CINCINNATI – Attorneys for a group of Amish men and women found guilty of hate crimes for cutting the hair and beards of fellow members of their faith are arguing that the group’s conviction, sentencing and imprisonment in separate facilities across the country violates their constitutional rights and amounts to cruel and unusual punishment, according to recent court filings.
The filings in federal court in Akron seek the release of seven of 16 Amish convicted in September in the 2011 eastern Ohio attacks, which were meant to shame fellow Amish they believed were straying from strict religious interpretations.
Although six of the requests were denied by the trial judge, one is pending, and the judge could at any time order any of them released as they await the outcomes of their appeals, expected to be filed this summer.
The Amish group’s leader, Samuel Mullet Sr., was sentenced to 15 years in prison, while the rest of the group got sentences ranging from one to seven years.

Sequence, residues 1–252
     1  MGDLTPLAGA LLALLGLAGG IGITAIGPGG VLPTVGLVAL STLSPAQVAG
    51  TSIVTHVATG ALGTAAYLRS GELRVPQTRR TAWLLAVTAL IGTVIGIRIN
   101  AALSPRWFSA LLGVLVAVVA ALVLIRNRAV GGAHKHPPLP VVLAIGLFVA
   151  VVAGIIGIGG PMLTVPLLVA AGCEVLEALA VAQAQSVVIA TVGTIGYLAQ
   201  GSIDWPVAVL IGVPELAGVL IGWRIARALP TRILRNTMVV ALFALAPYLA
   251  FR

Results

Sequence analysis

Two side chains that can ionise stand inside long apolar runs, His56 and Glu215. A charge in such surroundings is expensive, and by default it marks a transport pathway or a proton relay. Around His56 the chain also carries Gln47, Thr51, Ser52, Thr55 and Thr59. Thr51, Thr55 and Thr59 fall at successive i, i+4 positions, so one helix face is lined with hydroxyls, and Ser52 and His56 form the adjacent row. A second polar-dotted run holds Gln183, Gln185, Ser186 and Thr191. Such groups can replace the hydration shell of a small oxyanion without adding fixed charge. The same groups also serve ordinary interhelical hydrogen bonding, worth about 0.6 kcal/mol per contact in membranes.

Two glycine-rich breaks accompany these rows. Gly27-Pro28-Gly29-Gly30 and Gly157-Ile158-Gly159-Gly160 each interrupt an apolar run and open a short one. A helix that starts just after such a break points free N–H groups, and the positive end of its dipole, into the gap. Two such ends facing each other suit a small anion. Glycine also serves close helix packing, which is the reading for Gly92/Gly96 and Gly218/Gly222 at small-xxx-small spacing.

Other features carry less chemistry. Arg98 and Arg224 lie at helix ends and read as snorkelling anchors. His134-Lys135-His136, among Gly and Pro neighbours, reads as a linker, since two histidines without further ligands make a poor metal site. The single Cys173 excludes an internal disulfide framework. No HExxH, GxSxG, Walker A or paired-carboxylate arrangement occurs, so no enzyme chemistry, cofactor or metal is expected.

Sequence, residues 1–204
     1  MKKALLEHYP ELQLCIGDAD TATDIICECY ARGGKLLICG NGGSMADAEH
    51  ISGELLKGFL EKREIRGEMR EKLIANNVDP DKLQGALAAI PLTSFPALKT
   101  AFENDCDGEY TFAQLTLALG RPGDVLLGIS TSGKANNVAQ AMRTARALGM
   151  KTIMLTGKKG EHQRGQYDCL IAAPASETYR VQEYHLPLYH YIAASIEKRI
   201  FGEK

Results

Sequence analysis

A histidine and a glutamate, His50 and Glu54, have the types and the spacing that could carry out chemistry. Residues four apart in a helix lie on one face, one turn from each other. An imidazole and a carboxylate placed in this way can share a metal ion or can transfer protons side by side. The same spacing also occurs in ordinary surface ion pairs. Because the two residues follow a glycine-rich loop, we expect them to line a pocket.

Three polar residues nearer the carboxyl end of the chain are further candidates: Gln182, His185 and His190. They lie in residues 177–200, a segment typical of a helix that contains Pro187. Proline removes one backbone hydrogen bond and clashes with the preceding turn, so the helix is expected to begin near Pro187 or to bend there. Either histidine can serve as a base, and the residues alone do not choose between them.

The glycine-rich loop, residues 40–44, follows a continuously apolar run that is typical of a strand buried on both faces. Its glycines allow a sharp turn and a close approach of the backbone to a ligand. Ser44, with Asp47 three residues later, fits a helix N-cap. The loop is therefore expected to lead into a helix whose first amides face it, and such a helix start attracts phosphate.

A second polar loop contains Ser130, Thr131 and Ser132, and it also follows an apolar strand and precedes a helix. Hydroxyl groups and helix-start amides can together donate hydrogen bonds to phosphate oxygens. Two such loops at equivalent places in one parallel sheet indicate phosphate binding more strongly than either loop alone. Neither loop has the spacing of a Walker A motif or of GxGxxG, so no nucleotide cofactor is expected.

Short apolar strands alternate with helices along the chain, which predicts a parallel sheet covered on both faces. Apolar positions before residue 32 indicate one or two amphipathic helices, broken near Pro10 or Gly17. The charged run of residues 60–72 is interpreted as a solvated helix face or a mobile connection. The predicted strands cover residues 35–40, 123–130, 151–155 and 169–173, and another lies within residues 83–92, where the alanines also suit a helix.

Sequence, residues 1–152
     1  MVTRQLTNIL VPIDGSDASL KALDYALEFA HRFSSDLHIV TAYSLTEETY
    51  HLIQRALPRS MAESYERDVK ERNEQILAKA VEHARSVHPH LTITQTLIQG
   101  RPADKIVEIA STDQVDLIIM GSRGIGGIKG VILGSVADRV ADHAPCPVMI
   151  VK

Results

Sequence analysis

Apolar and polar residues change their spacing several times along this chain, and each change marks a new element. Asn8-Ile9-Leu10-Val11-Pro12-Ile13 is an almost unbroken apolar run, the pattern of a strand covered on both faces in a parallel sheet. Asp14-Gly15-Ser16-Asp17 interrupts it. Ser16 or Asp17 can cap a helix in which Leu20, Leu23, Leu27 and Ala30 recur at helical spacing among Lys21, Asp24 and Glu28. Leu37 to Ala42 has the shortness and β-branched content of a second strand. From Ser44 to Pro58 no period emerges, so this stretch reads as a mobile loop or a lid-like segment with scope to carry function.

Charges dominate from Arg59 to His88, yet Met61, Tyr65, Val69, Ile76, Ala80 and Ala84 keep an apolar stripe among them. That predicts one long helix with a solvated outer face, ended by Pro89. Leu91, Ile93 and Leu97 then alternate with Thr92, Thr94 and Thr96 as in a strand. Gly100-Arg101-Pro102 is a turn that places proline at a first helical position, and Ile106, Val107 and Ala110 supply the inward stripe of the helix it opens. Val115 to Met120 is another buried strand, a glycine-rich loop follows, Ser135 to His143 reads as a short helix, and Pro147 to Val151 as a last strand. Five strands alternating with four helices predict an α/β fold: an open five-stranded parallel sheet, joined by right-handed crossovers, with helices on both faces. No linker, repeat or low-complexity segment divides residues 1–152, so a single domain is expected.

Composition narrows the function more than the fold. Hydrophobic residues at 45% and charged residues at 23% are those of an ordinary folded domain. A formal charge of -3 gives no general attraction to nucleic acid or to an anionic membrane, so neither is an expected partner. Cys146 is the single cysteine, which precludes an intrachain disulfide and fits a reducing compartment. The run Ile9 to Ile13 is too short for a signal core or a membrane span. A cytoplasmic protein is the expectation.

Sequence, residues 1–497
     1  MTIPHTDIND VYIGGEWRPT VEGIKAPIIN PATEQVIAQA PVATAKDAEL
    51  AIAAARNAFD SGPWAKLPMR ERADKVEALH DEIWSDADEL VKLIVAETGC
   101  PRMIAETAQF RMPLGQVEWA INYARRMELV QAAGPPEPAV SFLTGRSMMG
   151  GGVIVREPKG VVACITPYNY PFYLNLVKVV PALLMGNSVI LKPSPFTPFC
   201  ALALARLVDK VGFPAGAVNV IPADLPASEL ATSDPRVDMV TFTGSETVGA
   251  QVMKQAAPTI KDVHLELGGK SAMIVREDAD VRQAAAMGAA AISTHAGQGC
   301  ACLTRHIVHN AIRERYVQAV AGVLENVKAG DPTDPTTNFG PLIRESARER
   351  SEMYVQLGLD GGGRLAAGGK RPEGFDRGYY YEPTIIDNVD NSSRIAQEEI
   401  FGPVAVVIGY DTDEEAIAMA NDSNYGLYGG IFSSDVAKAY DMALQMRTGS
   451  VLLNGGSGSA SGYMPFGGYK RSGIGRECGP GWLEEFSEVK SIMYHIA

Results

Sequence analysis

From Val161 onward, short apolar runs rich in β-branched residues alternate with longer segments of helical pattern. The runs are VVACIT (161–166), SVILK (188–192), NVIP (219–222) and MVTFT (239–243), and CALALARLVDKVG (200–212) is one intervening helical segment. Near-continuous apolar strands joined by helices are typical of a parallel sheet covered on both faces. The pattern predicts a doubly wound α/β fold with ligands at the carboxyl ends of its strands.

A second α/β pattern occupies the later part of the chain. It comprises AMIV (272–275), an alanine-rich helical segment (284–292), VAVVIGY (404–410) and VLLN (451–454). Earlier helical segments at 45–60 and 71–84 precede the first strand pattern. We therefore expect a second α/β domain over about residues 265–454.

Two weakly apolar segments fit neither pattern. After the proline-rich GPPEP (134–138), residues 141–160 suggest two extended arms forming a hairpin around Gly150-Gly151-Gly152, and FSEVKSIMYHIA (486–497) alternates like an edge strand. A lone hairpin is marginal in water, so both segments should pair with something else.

The Amish have been sent to different prisons across the country, placing an overly harsh burden on their relatives, who, because of their religion, cannot travel by plane and have to hire drivers for car travel, the group’s attorneys argue.
For instance, for Mullet’s wife to visit him and three sons convicted in the case, she’d have to travel to Oklahoma, Louisiana and two prisons 160 miles apart in Minnesota.
Prosecutors, in their response filed on Friday, pointed out that Mullet has unsuccessfully argued to be released five times, and they cited comments from federal Judge Dan Polster that Mullet showed no remorse for the attacks.